We’re great advocates for travelling light and not just because it makes our long distance cycle adventures easier. Whether you are flying, driving or taking the train, the less you take, the less there is to lug around. Travelling light makes the journey easier and less stressful. You become a featherweight, fleet of foot family, so nimble and quick you’ll have no trouble jumping over a candlestick, with your bags. You can hop in and out of taxis and tuk-tuks, squeeze into that little space left on Jeepney, even run for the TGV departing platform 2 in five minutes. If everyone can carry their own case you’ll never have to fight for a luggage trolley and can brush off tourist touting porters as an irrelevance. If you’re flying you can save money by travelling carry-on style, avoiding checked baggage fees. What’s more you don’t need to check-in so early, can bypass baggage reclaim on arrival and don’t have to worry about belongings getting lost in transit. Packing lightly is a valuable lesson in life – it teaches you to be selective, to think about what you really need and be conscious about not weighing yourself down with unnecessary baggage. And as we all know, the less baggage you have, the more likely you are to enjoy the journey.
Teach kids how to pack
We’re also keen on getting the kids to do their own packing and have encouraged, cajoled and even bribed ours to get involved from an early age. It builds excitement for the journey ahead and gives you a chance to talk about what to expect in the way of climate and conditions. Packing right and light is not an easy thing for kids. Let’s face it a lot of grown-ups struggle. But with a little guidance, a few rules, a list to work from and some patience, kids of any almost age can get involved. Toddlers and pre-schoolers can pick out a favourite toy and squeeze some socks into shoes. School age kids can draw up packing lists and gather things together, and teens should be able to look after themselves, perhaps even help their siblings.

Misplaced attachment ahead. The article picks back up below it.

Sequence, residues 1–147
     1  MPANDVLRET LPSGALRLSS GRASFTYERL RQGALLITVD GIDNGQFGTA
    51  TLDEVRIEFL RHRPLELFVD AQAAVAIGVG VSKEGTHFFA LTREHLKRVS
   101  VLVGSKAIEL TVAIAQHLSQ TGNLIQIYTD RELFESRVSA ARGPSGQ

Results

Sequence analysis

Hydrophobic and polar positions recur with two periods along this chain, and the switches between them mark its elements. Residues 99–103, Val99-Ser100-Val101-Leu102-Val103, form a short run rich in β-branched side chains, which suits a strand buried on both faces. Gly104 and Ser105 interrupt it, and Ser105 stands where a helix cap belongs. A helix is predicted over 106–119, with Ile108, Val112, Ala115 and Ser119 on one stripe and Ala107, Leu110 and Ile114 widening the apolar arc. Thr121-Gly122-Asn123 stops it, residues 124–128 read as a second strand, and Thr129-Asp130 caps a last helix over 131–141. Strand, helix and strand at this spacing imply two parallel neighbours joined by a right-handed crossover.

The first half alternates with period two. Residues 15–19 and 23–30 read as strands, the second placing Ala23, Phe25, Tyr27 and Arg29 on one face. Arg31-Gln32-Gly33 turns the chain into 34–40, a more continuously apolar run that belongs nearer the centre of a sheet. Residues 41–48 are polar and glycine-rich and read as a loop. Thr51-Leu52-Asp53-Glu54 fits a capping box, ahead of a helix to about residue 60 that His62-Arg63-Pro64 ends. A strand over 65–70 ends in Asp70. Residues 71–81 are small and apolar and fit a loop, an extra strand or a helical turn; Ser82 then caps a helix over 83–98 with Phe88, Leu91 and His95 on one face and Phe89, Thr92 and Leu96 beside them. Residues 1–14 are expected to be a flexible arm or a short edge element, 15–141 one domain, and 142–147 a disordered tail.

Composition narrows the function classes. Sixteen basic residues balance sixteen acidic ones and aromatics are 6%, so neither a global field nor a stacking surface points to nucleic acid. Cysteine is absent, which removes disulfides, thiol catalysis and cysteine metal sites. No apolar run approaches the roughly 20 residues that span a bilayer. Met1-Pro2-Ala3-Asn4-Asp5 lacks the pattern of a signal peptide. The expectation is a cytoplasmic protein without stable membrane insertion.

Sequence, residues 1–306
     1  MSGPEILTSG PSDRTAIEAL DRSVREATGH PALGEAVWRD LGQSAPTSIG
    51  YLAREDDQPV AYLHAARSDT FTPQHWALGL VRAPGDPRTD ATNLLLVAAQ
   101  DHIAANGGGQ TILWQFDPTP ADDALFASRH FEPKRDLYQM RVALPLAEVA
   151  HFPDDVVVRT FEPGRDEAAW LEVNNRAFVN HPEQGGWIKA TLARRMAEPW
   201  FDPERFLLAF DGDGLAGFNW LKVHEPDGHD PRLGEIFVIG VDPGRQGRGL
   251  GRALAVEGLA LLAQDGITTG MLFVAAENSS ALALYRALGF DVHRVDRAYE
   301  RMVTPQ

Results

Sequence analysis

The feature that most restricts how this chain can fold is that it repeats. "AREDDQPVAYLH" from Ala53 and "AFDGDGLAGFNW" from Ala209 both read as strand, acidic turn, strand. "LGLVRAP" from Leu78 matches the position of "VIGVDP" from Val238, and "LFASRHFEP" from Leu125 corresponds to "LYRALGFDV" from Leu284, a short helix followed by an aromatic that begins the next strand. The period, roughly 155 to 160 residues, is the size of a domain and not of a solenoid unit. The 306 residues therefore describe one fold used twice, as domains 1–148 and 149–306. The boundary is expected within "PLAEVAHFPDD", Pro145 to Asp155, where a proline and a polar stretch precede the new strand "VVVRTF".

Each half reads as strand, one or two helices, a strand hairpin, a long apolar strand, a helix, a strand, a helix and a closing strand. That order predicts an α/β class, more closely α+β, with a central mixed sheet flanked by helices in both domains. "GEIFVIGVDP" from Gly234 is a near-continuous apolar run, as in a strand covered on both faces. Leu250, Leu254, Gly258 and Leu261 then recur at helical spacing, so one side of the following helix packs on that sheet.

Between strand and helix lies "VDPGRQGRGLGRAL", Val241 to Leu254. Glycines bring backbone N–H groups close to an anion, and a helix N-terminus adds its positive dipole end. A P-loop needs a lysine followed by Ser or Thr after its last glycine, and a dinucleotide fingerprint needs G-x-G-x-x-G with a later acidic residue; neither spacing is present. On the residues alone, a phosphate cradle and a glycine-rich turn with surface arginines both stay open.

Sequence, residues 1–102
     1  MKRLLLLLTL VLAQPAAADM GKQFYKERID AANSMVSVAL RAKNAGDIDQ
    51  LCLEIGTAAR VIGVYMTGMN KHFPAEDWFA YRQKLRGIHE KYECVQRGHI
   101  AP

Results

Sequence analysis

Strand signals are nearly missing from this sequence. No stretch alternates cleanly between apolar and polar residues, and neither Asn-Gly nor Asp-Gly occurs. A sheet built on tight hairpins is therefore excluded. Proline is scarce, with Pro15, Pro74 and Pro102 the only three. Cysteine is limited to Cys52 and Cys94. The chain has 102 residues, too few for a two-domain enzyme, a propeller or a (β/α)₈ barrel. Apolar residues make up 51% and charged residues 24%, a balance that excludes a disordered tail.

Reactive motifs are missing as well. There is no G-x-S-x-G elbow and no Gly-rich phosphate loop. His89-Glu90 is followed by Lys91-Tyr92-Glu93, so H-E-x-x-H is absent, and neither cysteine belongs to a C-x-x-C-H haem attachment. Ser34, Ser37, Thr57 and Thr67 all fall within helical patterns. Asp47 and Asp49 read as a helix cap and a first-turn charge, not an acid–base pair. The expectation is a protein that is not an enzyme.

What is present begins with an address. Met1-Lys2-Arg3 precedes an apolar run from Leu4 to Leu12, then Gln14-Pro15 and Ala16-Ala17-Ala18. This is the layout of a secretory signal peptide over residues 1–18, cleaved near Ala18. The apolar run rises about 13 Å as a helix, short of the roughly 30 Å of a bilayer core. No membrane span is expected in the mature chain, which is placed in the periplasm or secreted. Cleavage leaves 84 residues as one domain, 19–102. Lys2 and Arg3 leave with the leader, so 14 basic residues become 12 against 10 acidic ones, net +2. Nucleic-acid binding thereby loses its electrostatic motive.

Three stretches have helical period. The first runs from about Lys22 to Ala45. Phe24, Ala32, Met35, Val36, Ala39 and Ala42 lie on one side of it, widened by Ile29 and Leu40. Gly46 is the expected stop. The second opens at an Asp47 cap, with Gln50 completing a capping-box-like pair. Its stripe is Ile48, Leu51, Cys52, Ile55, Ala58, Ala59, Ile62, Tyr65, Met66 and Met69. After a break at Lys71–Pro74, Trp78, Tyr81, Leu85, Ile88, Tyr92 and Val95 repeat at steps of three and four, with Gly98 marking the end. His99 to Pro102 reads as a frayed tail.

Make a list and check it twice
Getting kids to make their own packing list is a simple way to get started. With a good list half the packing work is done. First talk with your kids about where you are going, what you will be doing and the weather to expect. Help them choose a suitable bag or suitcase and look it over with them so they appreciate its size and space limitations. We aim for a one bag or case per person rule, preferably of carry on size and weight. (If flying do double check dimensions with your carrier as these seem to be getting smaller all the time.) Then encourage each of them to make a list of things they think they will need, reminding them they all need to fit in the case. Then go through the lists with them and help them make changes. Get them to add things they’ve overlooked and remove things you don’t think they need. Encourage them to be selective and think light. Reminding them they will have to carry it helps! When lists are finalised and suitcases or bags chosen, go through and decide who will pack what. Let them choose and gather the things they know about, putting them in a pile and checking them off the list, while you take control of and check on the mission critical stuff. Giving responsibility is great but believe me you really don’t want to set off on a six week expedition in Iceland with one kid with just a pair of flip flops as footwear.